With a proper Spanish lunch starting around 2 p.m., any avid skier or snowboarder will have plenty of time on the snow before beginning what amounts to an extended two-stage apres-ski. First comes a sit-down lunch on the slopes, layered with plenty of local wines from Spain and France, followed by the local version of grappa and a descent from the mountain. Next, after a short shower and (hopefully) a siesta, head into the streets of your village for tapas and more wine in bars packed shoulder to shoulder.

I normally make this tapas-hopping my dinner if I've had an opportunity for lunch. Though I've spent years traveling in Spain and love the late-night dinners, I'm reaching a point where dining at midnight and then heading right to bed often isn't the best prescription for a good night's sleep. Of course, if I'm headed out for more night life and a dance club and plan to get home around 2 a.m., there's plenty of time to digest the late-night dinners.

Everyone develops his or her own rhythm. There's a way to soak up the love of life and still get in plenty of time on the snow.

Skiing and snowboarding

As one ski resort owner proclaimed in his advertising years ago, "It's the snow, stupid." Of course it is. Without it, the resorts wouldn't be packed with visitors braving wintry conditions. Baqueira-Beret has snow by the meter. Even in low-snow years, the smooth pastures are easily covered with extensive snowmaking, and every lift can operate. A few feet of the natural fluff never hurts. These jagged Pyrenean peaks see prodigious powder falls that belie their Mediterranean latitude.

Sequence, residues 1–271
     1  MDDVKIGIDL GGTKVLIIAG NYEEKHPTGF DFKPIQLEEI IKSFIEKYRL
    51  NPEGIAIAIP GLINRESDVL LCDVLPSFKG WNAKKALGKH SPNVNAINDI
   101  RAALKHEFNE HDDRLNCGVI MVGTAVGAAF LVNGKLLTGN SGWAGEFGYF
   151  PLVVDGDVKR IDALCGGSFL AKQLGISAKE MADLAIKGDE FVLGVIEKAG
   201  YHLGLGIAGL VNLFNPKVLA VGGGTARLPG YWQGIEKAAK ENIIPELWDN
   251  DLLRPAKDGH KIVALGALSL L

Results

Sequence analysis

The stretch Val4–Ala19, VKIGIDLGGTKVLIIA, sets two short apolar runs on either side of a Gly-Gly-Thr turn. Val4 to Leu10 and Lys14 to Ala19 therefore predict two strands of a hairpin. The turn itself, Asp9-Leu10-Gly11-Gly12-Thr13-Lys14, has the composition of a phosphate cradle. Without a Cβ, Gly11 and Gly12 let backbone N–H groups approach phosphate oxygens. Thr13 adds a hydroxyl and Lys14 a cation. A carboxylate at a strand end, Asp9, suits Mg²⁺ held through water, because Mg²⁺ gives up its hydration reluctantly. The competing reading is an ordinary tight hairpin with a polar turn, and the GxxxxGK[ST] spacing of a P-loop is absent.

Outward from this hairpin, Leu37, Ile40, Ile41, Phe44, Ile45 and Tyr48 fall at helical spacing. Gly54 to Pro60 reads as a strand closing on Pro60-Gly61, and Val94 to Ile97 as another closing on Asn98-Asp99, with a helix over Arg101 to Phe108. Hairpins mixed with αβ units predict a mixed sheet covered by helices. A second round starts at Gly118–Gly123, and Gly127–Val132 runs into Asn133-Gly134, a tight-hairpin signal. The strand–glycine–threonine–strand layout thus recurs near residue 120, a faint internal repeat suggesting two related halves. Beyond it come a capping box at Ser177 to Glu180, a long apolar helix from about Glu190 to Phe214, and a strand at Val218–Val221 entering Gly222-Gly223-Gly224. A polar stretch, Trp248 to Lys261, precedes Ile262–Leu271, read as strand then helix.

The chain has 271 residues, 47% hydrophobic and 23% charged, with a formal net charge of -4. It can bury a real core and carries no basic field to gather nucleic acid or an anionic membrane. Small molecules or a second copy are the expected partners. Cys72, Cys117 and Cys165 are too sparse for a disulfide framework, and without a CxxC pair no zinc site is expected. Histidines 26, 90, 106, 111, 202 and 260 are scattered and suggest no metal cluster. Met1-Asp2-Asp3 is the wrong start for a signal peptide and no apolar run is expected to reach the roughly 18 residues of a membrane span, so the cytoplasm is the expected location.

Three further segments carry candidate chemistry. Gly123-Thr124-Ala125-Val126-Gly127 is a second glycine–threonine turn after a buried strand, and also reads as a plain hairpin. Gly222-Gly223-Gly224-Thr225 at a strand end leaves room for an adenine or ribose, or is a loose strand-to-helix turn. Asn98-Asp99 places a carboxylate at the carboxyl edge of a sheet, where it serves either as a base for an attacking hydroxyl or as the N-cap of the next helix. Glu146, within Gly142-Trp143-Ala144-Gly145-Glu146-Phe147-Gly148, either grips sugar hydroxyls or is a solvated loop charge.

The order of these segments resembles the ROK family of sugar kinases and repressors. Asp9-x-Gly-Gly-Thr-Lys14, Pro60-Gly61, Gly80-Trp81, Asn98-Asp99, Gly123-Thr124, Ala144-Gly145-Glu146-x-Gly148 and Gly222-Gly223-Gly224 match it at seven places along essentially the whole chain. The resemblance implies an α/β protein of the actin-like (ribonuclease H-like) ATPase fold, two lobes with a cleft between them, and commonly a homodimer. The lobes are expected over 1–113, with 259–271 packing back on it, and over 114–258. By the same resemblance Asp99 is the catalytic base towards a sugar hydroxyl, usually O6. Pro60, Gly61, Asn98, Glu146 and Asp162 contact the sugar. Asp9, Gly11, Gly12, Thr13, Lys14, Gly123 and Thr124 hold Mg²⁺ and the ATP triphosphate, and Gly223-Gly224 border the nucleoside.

Thirty-two lifts now serve 4,749 acres; that's more acreage than any resort in North America, larger than the 2010 Olympic resort Whistler, larger than Vail or Killington. The snow falls often and deep, averaging 500 to 650 feet each winter, as much as at Utah's vaunted resorts. Add the Spanish sun that shines more than half of the time, and Baqueira-Beret provides perfect skiing conditions. Already this year, the upper reaches of the resort have a snow base of almost three feet.

The expansive terrain links three main sectors: Beret, to the far west; Baqueira, at the top of the hotel base area lifts; and Bonaigua, to the east at the crest of the mountain pass connecting the valley to Catalonia. Originally, the main access for the lift system rose from the resort base, surrounded by modern hotels and condos. Today, a new gondola serves this main hotel base alongside a high-speed, six-passenger chairlift.